Why We Chose Our Name....
Webster's 1913 Dictionary
Definition: \En*chant"ment\, n. [F. enchantement.]
1. The act of enchanting; the production of certain wonderful effects by the aid of spirits; the use of magic arts, spells, or charms; incantation.
2. The effect produced by the act; the state of being enchanted; as, to break an enchantment.
3. That which captivates the heart and senses; an influence or power which fascinates or highly delights.
Syn: Incantation; necromancy; magic; sorcery; witchcraft; spell; charm; fascination; witchery.
"The soul has
an absolute, unforgiving need for excursions into enchantment. It requires
them like the body needs food and the mind needs thought. Yet our culture
often takes pride in disproving and exploding the sources of enchantment,
explaining away one mystery after another and overturning precious shrines,
dissolving the family farm that has housed spirits of civility for eons, or
desecrating for material profit a mountain or stream sacred to native
residents. We have yet to learn that we can't survive without enchantment
and that the loss is killing us."
Thomas Moore - The Re-Enchantment of Everyday Life
ENCHANTMENT - MAGICKAL CORRESPONDENCE
Planet : Moon
Color : silver, white
Stone : opal, quartz crystal
Animal cat, hummingbird, swan
Goddess : Angtia, Carmen, Circe, Don (The Enchanter), Fata Morgana, Freya, Hecate, Ina, Isis (Great Enchantress, Mighty One of Enchantments), Lady of the Lake, Luna, the Maiden, Morgan le Fay, Morgen, Nimu?, Oshun, Phaedra, Rhiannon, Sekhmet (Lady of Enchantments, Mighty One of Enchantments), Selene, the Telchines (The Enchanters), Vivienne
Evocation : Caelia, dryads, fairies, Merlin, mermaids, the Rusalki, sirens, Taliesin
From: Encyclopedia of Magickal Correspondences
©Eileen Holland, all rights reserved
A creature, variously fashioned and endowed, that formerly inhabited the meadows and forests. It was nocturnal in its habits, and somewhat addicted to dancing and the theft of children. The fairies are now believed by naturalist to be extinct, though a clergyman of the Church of England saw three near Colchester as lately as 1855, while passing through a park after dining with the lord of the manor. The sight greatly staggered him, and he was so affected that his account of it was incoherent.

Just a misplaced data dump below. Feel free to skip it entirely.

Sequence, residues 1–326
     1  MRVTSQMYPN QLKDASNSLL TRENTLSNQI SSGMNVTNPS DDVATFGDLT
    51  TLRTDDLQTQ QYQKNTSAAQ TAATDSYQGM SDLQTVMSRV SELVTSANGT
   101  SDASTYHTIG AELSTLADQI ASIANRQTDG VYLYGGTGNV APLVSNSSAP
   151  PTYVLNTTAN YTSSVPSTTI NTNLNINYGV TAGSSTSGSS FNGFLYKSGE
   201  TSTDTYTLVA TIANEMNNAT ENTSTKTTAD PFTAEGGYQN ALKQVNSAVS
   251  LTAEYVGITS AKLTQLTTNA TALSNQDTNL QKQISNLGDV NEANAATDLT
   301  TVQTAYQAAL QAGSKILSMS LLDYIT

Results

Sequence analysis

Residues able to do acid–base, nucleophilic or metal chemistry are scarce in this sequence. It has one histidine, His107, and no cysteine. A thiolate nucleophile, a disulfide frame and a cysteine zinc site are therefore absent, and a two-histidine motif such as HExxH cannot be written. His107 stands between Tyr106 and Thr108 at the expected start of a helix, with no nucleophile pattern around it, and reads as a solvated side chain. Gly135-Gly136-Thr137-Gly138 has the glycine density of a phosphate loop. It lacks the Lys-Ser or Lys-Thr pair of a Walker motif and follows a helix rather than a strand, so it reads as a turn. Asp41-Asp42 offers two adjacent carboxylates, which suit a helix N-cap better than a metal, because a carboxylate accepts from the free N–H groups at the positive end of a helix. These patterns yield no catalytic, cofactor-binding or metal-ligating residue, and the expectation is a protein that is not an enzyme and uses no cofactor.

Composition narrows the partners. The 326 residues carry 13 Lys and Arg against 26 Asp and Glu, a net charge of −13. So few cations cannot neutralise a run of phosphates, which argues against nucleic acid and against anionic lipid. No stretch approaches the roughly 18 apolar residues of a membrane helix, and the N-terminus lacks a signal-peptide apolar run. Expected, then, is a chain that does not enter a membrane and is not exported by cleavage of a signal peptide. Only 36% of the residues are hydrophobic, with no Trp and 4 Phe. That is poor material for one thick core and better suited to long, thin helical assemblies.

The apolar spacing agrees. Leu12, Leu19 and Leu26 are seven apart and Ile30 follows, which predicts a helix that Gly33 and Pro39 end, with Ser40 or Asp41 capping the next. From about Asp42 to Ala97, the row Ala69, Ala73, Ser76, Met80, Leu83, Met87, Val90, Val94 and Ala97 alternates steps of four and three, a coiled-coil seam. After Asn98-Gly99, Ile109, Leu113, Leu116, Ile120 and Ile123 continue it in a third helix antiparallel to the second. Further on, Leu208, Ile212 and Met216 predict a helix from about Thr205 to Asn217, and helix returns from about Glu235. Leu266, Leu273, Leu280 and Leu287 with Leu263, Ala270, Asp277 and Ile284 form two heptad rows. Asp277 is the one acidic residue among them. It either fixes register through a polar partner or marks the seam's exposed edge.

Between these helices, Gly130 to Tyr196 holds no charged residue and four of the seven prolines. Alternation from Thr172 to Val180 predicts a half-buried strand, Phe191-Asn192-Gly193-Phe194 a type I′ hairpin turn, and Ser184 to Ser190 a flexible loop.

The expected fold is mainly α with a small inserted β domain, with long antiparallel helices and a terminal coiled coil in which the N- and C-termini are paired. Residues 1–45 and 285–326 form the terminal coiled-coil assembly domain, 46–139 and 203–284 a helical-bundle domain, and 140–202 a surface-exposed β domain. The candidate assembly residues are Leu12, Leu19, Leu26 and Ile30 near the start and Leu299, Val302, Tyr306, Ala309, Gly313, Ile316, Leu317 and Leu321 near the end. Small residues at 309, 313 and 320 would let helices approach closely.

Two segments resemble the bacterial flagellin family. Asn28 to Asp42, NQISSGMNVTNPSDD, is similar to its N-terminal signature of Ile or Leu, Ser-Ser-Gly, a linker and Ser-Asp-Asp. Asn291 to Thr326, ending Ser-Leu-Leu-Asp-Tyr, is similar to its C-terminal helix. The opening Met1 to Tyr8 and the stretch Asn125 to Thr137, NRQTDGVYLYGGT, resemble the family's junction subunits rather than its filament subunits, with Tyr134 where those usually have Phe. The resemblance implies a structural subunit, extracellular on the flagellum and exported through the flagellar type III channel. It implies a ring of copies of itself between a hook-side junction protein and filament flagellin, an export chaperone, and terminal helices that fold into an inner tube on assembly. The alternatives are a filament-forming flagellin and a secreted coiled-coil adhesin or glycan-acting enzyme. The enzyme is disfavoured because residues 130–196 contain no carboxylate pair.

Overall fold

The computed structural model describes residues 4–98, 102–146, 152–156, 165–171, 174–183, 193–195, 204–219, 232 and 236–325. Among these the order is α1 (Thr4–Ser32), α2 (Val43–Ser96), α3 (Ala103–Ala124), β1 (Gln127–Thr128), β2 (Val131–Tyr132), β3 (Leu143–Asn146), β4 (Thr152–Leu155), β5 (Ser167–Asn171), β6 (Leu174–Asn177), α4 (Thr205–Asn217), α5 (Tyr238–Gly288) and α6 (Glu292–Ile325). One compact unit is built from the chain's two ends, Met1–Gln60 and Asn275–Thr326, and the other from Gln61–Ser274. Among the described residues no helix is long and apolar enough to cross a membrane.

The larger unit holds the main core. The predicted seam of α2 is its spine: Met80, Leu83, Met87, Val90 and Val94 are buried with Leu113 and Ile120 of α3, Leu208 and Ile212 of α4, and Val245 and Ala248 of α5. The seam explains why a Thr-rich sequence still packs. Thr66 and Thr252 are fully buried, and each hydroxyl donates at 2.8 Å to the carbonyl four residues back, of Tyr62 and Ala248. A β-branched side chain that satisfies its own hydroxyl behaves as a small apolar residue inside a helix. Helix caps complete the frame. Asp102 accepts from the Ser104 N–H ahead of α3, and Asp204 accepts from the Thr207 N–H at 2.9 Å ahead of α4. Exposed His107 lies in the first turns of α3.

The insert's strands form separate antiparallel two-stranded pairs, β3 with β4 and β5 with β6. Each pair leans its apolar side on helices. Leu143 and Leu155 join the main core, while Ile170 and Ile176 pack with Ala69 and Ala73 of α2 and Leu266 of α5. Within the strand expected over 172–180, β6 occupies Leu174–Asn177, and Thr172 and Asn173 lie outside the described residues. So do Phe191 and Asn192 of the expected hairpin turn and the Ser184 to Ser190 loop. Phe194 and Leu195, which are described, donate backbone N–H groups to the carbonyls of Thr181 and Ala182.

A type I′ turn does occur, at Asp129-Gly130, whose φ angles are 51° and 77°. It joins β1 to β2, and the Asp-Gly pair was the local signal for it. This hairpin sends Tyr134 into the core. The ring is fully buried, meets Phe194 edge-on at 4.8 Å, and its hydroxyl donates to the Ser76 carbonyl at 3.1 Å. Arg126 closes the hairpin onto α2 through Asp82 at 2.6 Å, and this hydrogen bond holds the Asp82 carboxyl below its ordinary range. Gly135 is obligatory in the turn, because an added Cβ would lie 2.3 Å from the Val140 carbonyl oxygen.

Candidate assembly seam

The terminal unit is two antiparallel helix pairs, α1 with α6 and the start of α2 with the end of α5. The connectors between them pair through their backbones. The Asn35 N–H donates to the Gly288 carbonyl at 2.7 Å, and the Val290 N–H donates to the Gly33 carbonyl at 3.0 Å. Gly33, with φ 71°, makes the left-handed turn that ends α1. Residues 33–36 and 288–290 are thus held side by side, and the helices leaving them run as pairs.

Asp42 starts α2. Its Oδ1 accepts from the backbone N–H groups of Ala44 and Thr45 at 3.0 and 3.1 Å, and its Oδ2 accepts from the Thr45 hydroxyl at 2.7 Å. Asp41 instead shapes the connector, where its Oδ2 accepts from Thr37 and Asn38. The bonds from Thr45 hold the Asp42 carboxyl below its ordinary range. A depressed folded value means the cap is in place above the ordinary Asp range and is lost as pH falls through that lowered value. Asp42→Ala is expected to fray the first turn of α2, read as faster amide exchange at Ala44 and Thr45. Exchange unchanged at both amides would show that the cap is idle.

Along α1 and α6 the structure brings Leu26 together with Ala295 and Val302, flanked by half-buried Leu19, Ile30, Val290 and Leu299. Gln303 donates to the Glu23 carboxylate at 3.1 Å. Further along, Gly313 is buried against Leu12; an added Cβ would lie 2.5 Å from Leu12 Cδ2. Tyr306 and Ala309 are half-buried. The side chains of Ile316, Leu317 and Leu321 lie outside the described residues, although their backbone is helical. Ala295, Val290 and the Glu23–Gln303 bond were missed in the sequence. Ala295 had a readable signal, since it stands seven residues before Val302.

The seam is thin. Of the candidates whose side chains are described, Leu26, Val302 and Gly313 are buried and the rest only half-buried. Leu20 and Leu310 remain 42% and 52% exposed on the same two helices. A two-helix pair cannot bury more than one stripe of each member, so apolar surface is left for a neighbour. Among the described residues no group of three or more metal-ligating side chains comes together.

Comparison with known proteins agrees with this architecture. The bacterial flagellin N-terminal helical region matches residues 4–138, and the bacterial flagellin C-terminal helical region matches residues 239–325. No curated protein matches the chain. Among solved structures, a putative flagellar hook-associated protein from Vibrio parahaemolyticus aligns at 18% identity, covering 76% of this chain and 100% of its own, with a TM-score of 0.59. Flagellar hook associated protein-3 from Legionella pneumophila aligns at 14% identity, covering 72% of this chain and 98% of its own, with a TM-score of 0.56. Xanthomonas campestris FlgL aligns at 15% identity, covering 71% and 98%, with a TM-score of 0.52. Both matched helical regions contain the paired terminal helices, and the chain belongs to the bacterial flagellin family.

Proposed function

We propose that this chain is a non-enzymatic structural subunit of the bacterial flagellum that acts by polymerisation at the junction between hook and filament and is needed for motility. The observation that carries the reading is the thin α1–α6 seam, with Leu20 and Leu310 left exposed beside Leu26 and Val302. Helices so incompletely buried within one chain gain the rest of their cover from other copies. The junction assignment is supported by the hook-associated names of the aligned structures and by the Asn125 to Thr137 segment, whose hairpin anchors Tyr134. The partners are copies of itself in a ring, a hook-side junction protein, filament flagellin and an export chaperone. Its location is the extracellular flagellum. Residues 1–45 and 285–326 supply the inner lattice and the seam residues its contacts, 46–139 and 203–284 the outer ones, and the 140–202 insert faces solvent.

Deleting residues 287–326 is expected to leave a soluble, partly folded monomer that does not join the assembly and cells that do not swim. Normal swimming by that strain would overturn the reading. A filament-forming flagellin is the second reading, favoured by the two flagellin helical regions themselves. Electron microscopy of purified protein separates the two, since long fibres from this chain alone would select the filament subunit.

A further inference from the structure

In the year 1807 a troop of fairies visited a wood near Aix and carried off the daughter of a peasant, who had been seen to enter it with a bundle of clothing. The son of a wealthy bourgeois disappeared about the same time, but afterward returned. He had seen the abduction been in pursuit of the fairies.
Justinian Gaux, a writer of the 14th-century, charges
that so great is the fairies' power of transformation that he saw one
change itself into two opposing armies and fight a battle with great
slaughter, and that the next day, after it had resumed its original shape
and gone away, there were seven hundred bodies of the slain which the
villagers had to bury. He does not say if any of the wounded recovered.
In the time of Henry III, of England, a law was made which prescribed the death penalty for "Kyllynge, wowndynge, or mamynge" a fairy, and it was universally respected.
Other Names for Fairies
Fays - early form of the word Fair Family/Fair Folk - Welsh nickname
Farisees/Pharisees - Suffolk nickname
Fary - Northumberland nickname
Fees - Upper Brittany nickname
Feriers/Ferishers - another Suffolk nickname
Frairies - Norfolk and Suffolk version
Good Neighbors - Scottish and Irish nickname
Good People - Irish reference to the Sidhe
The Green Children - Faerie reference in medieval
Literature: Greencoaties - Lincolnshire Fen version
Greenies - Lancashire nickname
The Grey Neighbors - Shetland nickname for the Trows
Henkies - Orkney and Shetland nickname for Trows
Klippe - Forfarshire nickname
Li'l Fellas - Manx nickname
The Old People - Cornish nickname
People of Peace - Irish reference to the Sidhe
Pigsies/Piskies - Cornwall variations